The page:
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Who Are the Winners and Losers of the New Tax Plan?

U.S. Congress recently passed and the President signed a sweeping new tax bill that has drawn both praise and disapproval.

Known as the Tax Cuts and Jobs Act (TCJA), the law generally affects the taxes you pay beginning in 2018 and beyond. While now a law, the provisions are still subject to interpretation and clarification by the IRS and other governmental entities.

How will the new law affect you?

Here are some of the basic facts– particularly regarding its effect on consumers.

Cuts for nearly all taxpayers in the near term. The new tax plan is expected to reduce taxes for the vast majority of working individuals for the next several years, but that could change when the law’s temporary tax breaks expire in 2027. According to the non-partisan Tax Policy Center, “We find the bill would reduce taxes on average for all income groups in both 2018 and 2025. In general, higher income households receive larger average tax cuts as a percentage of after-tax income, with the largest cuts as a share of income going to taxpayers in the 95th to 99th percentiles of the income distribution. On average, in 2027 taxes would change little for lower- and middle-income groups and decrease for higher-income groups.” The Tax Policy Center estimated that compared with current rates, only 5% of taxpayers would pay more tax in 2018 and 9% in 2025, but after the bill’s temporary tax breaks expire in 2027, approximately 53% would see their taxes increase over the current level.1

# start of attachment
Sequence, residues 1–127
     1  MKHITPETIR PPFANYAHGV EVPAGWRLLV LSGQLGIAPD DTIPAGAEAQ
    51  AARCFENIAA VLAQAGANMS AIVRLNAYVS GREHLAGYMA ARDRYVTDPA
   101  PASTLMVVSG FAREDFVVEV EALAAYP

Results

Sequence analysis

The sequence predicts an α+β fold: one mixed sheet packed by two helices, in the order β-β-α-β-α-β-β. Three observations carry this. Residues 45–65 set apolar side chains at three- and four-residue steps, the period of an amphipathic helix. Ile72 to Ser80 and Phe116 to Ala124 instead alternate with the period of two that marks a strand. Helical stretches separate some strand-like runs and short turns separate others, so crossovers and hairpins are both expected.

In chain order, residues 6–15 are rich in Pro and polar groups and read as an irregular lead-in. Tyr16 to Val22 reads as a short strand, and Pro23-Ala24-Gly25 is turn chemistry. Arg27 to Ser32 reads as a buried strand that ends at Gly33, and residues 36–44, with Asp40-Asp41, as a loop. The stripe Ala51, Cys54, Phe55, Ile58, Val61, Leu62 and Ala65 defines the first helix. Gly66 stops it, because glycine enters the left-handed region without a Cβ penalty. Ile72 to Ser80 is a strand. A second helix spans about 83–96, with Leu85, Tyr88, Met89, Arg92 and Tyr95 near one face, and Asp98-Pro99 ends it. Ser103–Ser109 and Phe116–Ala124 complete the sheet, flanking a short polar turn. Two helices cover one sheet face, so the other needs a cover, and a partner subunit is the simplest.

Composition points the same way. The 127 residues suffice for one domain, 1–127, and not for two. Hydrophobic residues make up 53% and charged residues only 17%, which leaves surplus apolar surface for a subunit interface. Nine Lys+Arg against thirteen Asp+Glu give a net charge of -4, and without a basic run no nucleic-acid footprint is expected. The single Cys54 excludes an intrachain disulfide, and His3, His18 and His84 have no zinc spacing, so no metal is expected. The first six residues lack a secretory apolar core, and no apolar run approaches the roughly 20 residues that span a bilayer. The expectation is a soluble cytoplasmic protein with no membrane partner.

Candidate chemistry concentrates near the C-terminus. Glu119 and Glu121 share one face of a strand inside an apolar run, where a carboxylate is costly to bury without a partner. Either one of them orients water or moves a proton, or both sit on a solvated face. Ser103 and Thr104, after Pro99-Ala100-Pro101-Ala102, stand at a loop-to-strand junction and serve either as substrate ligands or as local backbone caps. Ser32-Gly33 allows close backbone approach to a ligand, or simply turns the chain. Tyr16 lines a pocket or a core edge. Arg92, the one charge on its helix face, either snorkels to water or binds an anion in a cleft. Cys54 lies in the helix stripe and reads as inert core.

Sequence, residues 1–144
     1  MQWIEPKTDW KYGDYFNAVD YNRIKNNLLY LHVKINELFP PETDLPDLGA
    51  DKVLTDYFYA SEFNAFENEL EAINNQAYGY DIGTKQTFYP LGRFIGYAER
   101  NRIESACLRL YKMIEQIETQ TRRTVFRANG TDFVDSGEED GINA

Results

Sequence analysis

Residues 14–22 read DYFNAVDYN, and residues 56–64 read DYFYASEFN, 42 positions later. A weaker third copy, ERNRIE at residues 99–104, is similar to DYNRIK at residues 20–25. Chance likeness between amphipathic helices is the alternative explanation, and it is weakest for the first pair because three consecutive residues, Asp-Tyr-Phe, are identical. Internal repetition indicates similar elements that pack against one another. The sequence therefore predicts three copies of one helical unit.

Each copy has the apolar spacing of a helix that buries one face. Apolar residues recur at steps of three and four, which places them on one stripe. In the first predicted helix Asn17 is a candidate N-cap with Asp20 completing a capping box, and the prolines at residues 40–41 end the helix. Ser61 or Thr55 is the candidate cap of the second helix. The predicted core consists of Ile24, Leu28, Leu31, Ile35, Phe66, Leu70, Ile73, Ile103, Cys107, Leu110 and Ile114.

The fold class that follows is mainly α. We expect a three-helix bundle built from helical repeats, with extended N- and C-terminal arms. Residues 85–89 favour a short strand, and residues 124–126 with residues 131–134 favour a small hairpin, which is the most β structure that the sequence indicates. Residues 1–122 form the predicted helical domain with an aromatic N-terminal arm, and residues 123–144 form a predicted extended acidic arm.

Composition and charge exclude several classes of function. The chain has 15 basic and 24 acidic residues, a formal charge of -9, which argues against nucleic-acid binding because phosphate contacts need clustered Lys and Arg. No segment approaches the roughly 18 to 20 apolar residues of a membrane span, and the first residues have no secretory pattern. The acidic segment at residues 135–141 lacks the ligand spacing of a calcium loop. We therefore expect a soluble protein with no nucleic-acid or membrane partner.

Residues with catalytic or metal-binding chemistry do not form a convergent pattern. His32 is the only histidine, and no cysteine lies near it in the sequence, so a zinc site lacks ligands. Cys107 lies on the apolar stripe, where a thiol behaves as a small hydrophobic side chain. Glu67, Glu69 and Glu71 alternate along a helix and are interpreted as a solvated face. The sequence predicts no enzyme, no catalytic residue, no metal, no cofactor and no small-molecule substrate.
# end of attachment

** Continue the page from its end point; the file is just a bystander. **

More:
Cuts for corporations, who will see their top tax rate drop from 35% to 21%. Although the break may affect some corporations more than others, as many corporations already have had an effective tax rate below 35%, the theory behind the reduction in the corporate rate was that it would spur economic growth and provide corporations with more cash that they could use to increase wages and hire more workers. (See: 2018 Market Outlook: How Will the New Tax Plan Affect the Economy?) However, there were no provisions that incentivize either of those actions. The extra cash could also be used to fund capital investment, pay higher dividends to shareholders, pad their earnings, or any number of other purposes.

People in the highest tax bracket, who will see their maximum tax rate drop from 39.6% to 37%. See the table below for the entire tax bracket.

2018 Income Bracket - Final Bill